Enabling Permalinks on your WordPress Server

Watch out! This tutorial is over 3 years old. Please keep this in mind as some code snippets provided may no longer work or need modification to work on current systems.
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The URLs of the content you publish on your WordPress website are known as permalinks. Permalinks are what people enter into their browser address bar to view one of your pages (they are the “permanent link” to a single page, you see?). They are also what search engines and other websites use to link to your website. Due to this, they are very important.

You can change the structure of your permalinks at any time. However doing this will change the URL of your pages. There are a few options for what permalink structures WordPress has available, and each of them has its own benefits. No matter what, having clean URLs on your website is very important.

WordPress permalink settings can be found in the main settings menu of the WordPress admin area. In the screenshot below, you can see the five custom permalink structures that WordPress displays as common settings.

WordPress automatically enables the Plain permalink structure after you install WordPress. The number used in the default permalink advises WordPress where the content can be found in your database. To be more specific, the number refers to the ID of the table row in the wp_posts table of your WordPress database (the table prefix for your website will be different if you changed it during the installation process). For example, http://www.yourwebsite.com/?p=50 would refer to the 50th row in your website’s wp_posts table and http://www.yourwebsite.com/?page_id=100 would refer to the 100th.

The default permalink structure is not user-friendly. It is better to refer a visitor to a URL such as http://www.yourwebsite.com/big-news-story/ than http://www.yourwebsite.com/?page_id=54367.

The part at the end of the permalink, i.e. ?p=123, is known as a query string. The question mark is a separator and the part that follows afterwards is the identifying data. In this case, we are identifying content from the database to display.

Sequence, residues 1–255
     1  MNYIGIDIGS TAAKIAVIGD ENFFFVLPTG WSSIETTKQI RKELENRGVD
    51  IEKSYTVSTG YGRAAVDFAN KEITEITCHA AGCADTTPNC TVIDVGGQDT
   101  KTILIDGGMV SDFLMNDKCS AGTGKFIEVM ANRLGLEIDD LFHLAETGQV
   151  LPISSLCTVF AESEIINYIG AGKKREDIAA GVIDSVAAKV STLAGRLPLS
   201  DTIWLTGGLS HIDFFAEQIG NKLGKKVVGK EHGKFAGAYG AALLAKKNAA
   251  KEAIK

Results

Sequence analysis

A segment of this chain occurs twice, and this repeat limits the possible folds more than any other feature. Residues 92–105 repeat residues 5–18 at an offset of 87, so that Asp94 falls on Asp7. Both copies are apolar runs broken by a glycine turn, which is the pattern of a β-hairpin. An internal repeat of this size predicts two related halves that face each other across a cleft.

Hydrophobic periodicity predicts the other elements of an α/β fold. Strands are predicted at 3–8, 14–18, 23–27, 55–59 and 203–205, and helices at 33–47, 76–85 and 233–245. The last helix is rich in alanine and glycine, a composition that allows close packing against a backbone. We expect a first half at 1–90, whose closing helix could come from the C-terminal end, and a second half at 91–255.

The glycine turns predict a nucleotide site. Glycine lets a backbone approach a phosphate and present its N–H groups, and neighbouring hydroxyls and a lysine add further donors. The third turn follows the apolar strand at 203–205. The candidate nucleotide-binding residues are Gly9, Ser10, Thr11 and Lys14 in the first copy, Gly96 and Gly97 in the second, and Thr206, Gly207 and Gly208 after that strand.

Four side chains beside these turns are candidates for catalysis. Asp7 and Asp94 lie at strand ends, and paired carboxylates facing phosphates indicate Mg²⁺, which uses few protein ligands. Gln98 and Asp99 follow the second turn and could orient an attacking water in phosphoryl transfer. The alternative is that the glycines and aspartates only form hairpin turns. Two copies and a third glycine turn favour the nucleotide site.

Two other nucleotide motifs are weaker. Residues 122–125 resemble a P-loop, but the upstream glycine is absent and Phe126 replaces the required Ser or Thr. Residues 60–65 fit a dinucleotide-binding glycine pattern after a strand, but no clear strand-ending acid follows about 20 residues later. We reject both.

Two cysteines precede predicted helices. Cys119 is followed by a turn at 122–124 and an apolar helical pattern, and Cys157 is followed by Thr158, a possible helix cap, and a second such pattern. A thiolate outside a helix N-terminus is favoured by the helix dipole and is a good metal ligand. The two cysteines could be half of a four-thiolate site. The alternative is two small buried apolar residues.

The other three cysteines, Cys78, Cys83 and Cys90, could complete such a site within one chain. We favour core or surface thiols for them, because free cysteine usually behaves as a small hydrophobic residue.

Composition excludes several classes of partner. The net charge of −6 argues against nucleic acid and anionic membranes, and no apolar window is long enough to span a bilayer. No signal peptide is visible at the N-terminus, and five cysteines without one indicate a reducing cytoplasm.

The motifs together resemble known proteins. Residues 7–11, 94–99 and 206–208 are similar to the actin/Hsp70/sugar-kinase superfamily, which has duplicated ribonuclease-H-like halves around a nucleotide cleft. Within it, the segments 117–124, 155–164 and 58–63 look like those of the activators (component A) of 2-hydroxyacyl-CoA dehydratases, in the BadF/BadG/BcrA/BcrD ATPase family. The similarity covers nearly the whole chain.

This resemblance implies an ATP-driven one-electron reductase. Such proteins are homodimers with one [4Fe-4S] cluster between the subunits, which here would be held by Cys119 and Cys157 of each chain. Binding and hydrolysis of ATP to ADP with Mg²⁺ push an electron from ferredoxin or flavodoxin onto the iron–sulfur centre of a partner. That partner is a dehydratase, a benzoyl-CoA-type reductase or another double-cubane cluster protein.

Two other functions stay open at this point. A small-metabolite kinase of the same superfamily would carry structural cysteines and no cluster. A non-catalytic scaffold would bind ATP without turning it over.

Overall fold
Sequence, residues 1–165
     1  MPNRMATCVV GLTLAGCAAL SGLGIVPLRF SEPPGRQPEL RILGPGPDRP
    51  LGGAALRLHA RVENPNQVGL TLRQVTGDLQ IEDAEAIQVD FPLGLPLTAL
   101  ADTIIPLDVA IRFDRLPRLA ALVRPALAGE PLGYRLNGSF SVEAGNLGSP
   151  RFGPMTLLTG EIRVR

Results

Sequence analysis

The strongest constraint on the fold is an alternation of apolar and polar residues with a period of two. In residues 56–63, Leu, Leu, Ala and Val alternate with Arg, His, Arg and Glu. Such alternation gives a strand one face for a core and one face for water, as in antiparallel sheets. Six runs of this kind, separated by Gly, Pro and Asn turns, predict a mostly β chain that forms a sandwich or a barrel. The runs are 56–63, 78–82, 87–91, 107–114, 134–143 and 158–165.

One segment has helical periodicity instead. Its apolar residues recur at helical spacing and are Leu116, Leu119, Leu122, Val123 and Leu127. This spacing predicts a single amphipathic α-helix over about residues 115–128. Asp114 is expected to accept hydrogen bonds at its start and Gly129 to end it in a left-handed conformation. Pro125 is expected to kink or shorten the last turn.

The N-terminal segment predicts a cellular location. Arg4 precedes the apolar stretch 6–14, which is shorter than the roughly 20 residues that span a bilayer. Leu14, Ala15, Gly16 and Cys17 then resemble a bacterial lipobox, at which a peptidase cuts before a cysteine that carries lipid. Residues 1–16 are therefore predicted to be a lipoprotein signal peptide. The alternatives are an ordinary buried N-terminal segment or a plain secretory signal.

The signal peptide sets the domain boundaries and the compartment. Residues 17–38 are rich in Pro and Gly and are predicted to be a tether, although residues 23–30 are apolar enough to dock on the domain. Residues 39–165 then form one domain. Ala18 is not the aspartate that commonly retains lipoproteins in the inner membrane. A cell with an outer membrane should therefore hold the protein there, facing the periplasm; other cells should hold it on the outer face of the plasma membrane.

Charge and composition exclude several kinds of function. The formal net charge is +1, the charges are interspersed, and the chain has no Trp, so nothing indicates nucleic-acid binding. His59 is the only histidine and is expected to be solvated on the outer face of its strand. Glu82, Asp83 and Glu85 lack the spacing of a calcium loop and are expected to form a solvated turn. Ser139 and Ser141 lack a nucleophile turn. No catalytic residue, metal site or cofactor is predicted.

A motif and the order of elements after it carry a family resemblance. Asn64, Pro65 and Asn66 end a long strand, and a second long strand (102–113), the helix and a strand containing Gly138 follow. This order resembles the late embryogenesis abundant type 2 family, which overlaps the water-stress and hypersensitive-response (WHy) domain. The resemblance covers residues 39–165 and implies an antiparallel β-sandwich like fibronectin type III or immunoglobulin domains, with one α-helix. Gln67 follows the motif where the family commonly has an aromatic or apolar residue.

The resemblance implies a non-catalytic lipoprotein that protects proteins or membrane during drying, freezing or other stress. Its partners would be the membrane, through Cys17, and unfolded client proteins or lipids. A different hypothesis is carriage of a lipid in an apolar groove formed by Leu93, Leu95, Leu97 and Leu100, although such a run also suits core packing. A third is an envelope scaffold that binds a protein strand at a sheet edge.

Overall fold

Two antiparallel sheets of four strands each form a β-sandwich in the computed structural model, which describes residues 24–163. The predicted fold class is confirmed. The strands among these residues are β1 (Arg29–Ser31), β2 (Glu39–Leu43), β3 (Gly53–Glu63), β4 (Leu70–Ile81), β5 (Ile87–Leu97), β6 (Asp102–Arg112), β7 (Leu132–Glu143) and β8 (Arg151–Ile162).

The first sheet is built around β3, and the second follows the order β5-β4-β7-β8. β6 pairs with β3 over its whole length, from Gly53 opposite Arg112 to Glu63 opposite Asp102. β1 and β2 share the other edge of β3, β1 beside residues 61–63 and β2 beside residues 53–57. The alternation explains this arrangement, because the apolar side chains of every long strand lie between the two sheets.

Despite many people suggesting otherwise, search engines such as Google can and do index URL’s that contain query strings (billions of indexed pages online are testament to this). However, search engines do prefer you to use “friendlier” URLs. And they’re ranked higher in results because of their semantic URL structure. By far the best option then is Post name, which would convert something like to, which is far nicer.

But what if your site throws a “404” error after you do this?

In this case it is incredibly likely your webserver is not configured correctly for permalinks. The first thing to check is the hidden .htaccess file in the WordPress directory (nano /var/www/html/.htaccess). It should look like:

and probably will.  Next we need to make sure the rewrite plugin is enable for the Apache webserver so it knows how to redirect URLs. The command on your Linux server, as root, is

and finally we need to configure Apache correctly so that .htaccess files are allowed to override the default settings. Use nano to edit /etc/apache2/sites-available/000-default.conf and make it look like the following:

Now restart Apache.

You’ll find that all your permalinks are now much friendlier!